Create a Portrait Studio on the Go with Erik Valind

Create a Portrait Studio on the Go with Erik Valind

Creating a portrait is much like laying out a room or plotting out how to tackle any task, it must be done one step at a time. In this particular video, let’s explore how to set up and modify each light in this 3 light set up.

First and most important of any light, is the main light. This light is going to illuminate the mask of the face in most situations. In this particular example (the video above) the light is coming from down at an angle compared to where the subject is looking. This is normal for most portrait set-ups as it mimics flattering natural light: coming from above and at an angle in order to create dimension on the subject’s face. Using the Rogue FlashBender 2 XL Pro Lighting System, we’re going to shape the FlashBender into a Soft Box by using the included XL Diffusion Panel.

The second light in this situation is a hair light. This light is optional, but really separates good work from great work as attention to detail is an important part of photography. The hair light is going to not only highlight the model’s nice blonde hair in this situation, it will also separate her head from the background. Note that if you find yourself in a situation with a model with dark brown or black hair on a dark background, this light is even more important because you don’t want them blending together with the background. Using another Rogue FlashBender 2 XL Pro, we’re going to shape this one instead with the Strip Grid Diffuser in order for it to appear soft but directional, that way we can prevent it from spilling anywhere else but her hair.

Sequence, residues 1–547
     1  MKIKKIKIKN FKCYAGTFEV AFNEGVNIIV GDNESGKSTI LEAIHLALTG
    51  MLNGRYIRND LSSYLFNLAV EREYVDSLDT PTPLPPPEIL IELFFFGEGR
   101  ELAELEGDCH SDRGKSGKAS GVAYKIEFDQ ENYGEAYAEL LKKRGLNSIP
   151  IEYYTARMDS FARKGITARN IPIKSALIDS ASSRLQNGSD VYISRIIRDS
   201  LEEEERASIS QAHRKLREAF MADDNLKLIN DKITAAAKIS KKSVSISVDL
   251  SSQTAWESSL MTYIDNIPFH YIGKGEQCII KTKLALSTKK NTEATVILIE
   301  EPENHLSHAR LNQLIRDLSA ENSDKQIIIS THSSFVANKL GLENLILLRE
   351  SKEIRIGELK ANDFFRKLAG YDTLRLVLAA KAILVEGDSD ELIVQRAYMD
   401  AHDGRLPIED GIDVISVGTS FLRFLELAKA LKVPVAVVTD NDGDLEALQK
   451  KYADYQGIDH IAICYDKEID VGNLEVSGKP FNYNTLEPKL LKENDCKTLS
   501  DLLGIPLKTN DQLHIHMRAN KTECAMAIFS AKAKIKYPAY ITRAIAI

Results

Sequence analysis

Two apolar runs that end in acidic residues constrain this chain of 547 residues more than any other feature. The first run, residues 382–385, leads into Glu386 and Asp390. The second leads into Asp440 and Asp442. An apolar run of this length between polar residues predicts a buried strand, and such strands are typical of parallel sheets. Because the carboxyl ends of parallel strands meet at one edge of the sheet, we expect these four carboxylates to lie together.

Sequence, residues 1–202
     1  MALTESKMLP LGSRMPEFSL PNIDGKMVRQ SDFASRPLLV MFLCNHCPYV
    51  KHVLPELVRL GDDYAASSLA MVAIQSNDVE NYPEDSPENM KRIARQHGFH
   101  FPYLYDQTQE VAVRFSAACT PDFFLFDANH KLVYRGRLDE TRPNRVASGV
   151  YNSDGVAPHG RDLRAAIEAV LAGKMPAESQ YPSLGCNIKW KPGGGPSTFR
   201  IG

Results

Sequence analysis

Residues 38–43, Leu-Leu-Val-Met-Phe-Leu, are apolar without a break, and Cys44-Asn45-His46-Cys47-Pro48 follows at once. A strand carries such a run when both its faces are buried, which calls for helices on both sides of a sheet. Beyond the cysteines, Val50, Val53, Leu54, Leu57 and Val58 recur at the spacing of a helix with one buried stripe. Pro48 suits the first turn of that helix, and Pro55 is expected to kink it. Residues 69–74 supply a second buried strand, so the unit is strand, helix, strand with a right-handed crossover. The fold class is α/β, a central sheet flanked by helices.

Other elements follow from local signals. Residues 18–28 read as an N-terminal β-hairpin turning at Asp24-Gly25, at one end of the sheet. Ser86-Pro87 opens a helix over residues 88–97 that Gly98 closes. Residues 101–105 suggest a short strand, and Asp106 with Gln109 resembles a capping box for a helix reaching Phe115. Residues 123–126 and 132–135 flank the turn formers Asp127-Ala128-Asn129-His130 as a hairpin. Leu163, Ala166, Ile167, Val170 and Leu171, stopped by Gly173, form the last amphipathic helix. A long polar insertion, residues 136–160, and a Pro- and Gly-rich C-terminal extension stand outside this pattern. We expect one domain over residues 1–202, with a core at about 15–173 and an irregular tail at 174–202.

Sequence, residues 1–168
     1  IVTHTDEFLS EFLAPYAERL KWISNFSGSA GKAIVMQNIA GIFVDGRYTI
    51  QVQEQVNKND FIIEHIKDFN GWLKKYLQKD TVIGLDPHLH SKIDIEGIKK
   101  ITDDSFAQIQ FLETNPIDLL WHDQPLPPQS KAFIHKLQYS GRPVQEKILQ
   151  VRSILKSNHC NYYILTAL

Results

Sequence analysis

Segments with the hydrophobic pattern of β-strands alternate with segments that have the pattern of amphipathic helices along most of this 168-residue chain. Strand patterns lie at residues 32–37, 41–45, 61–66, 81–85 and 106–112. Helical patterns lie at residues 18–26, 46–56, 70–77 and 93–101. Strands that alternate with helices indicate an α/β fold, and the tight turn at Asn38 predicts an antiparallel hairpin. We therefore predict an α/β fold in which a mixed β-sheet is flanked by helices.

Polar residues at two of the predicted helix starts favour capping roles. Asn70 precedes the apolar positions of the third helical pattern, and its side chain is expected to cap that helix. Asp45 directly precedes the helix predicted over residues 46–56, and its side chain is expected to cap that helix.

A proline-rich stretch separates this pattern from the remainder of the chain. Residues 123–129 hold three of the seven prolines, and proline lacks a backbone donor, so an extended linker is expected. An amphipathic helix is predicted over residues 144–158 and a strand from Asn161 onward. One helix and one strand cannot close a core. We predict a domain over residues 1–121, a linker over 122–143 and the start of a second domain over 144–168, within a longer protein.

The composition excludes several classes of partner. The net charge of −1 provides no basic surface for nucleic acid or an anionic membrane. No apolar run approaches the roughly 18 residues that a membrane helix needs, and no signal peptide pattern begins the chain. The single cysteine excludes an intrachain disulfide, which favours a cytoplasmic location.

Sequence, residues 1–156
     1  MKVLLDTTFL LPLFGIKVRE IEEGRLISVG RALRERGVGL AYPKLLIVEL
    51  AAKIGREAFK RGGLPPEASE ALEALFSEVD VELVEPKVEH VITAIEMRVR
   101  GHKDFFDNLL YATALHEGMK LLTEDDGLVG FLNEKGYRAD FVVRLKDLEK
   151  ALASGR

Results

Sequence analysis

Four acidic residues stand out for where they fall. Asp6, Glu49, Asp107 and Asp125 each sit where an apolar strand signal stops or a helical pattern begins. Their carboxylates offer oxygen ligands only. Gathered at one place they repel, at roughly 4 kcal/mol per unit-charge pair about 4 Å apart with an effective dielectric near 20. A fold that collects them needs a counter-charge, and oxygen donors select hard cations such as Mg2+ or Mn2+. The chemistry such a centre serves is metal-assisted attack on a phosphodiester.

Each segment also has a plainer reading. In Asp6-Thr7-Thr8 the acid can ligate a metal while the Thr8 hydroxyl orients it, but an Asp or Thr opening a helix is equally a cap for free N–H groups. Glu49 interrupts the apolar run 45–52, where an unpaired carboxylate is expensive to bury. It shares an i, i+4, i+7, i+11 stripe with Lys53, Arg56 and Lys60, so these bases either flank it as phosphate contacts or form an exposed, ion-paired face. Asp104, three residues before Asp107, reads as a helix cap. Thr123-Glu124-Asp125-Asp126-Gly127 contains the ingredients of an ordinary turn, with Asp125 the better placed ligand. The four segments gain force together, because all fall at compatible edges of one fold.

For our background, we need one more flash. Here we’re going to create a well illuminated background with a feathered edge that rounds off. Using a Rogue 3-in-1 Grid we direct the light towards the background, but also achieve that feathered edge.

By using a gray background we also have the ability to change the color to any color gel in the Rogue Grid Gel: Combo Filter Kit. As a rule of thumb you can use black or gray backgrounds to change background colors. Gray backgrounds perform the best for illumination and color absorbing abilities, but if you want more deep, rich, and vibrant colors, try a black background. Black backgrounds will require more flash power, which is why gray was such a great choice for this shoot.

Finally to put the final touch on the image, using two foam-backed poster board, we can create a v-flat or angled fill card. The main light (our FlashBender 2 XL Pro as a Soft Box) is creating a nice soft light on our subject, but every facial feature (our nose, cheeks, chin, etc.) will create a shadow on the opposing side, which is why we’re adding this fill card. Alternatively we can use another flash if we want to spend the extra money or a little less money and get a large reflector that we can have an assistant bend in a “U” shape.

So without a studio, we’ve managed to create a 3 light set up ready to go in our bags that we could take on a plane, bus, long road trip using 3 speedlights, some Rogue Modifiers, poster board, and some background paper!

Final Image:

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